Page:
Iraqi human rights committee calls on Kurdish counterpart to coordinate fight against female circumcision
A member of the human rights committee in the Iraqi Council of Representatives today called on its Kurdish counterpart to coordinate together to fight against female circumcision, adding that awareness and education are the most important weapons to combat the practice.
By Khudr Khallat
MP Ashwaq al-Jaff of the Iraqi committee said: "Educating against this phenomenon is the responsibility of the human rights committee in Baghdad and Erbil in coordination with civil society organizations, cultural centers and media, as well as the important role of the family.
Jaff explained that his committee reviewed a report published yesterday by AKnews about female circumcision.
"It got our attention as it detected figures that must be combated. Therefore we have included this issue on the agenda of the human rights committee," he said.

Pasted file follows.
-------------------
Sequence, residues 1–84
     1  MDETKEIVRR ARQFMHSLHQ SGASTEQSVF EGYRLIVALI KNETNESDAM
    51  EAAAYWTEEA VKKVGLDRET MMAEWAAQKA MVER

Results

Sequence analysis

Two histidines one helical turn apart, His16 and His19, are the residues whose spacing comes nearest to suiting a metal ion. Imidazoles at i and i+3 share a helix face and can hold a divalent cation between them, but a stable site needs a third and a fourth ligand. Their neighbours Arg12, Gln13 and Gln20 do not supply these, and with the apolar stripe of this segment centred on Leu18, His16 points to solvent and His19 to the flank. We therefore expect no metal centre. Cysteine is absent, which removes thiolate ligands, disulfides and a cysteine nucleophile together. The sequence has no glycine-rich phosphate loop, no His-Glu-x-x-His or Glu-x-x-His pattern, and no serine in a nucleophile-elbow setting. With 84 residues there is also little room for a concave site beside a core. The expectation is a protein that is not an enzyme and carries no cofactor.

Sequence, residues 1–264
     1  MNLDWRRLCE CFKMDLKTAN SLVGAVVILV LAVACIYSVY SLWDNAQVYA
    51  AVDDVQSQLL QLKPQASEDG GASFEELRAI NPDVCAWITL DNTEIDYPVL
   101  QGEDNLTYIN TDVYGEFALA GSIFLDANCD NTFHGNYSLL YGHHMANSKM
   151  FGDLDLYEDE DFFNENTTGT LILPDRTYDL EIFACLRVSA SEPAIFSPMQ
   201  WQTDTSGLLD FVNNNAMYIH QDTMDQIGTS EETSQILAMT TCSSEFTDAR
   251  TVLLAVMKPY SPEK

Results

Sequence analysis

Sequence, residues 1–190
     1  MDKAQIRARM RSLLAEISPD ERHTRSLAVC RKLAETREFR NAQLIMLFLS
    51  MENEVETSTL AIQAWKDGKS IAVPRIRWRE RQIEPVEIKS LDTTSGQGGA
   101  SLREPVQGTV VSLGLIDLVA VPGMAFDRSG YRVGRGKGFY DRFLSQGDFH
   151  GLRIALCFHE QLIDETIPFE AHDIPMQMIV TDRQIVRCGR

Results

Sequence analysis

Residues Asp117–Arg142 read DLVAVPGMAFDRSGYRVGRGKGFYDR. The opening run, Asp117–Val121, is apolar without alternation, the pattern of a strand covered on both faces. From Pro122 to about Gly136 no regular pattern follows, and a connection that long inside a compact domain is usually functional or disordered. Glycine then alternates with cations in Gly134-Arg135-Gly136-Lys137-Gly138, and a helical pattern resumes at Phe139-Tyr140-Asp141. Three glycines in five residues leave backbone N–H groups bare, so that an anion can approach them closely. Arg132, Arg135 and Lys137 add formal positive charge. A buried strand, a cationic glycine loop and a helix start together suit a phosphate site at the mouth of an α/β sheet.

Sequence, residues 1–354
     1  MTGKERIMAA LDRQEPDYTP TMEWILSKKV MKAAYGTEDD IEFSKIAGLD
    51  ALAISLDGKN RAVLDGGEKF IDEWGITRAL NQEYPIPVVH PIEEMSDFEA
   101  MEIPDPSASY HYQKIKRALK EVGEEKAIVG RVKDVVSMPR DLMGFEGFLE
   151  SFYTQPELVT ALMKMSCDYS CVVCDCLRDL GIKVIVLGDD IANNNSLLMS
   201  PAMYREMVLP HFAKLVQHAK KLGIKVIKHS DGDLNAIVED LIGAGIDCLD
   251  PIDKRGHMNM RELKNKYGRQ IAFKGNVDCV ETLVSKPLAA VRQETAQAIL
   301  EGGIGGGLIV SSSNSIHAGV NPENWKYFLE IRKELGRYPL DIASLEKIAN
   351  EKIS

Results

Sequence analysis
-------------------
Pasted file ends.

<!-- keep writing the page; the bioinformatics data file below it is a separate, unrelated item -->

"Our commission has a lot of important files and I don't hide a secret that the issue of female circumcision across Iraq, including the Kurdistan Region, has got the attention of human rights organizations and international personalities.
"The main problem is that we're in dire need of education on human rights, because when the people do not know the limits of their rights, the rights will be violated and people will not be able to defend their rights.
"Fighting this phenomenon and other phenomena can be done through public awareness and comes in first place, as well as cultural, medical awareness and individual rights. If these three things were achieved we would be able to eliminate this negative phenomenon to a large extent."
AKnews published yesterday a report based on a study prepared by Sulaimaniyah-based German NGO Wadi e.V. and PANA, a local women's rights organization in Kirkuk. Both organizations worked together to interview 1,212 women and girls, aged above 14 years, living in Kirkuk.
The study found that 38.2 percent of the sample had undergone female genital mutilation (FGM) in a region previously assumed to be free of the ancient custom.
Female circumcision dates back several centuries and is still common in some countries, particularly southern African Sahara and countries in south and west Asia and the Middle East.Of those interviewed, 65.4% are Kurdish, 25.7% are Arab and 12.3% are Turkmen. Furthermore, those affected also showed diversity in religious backgrounds: 40.9% were Sunnis, 23.4% Shi'ites and 42.9% Kak'is.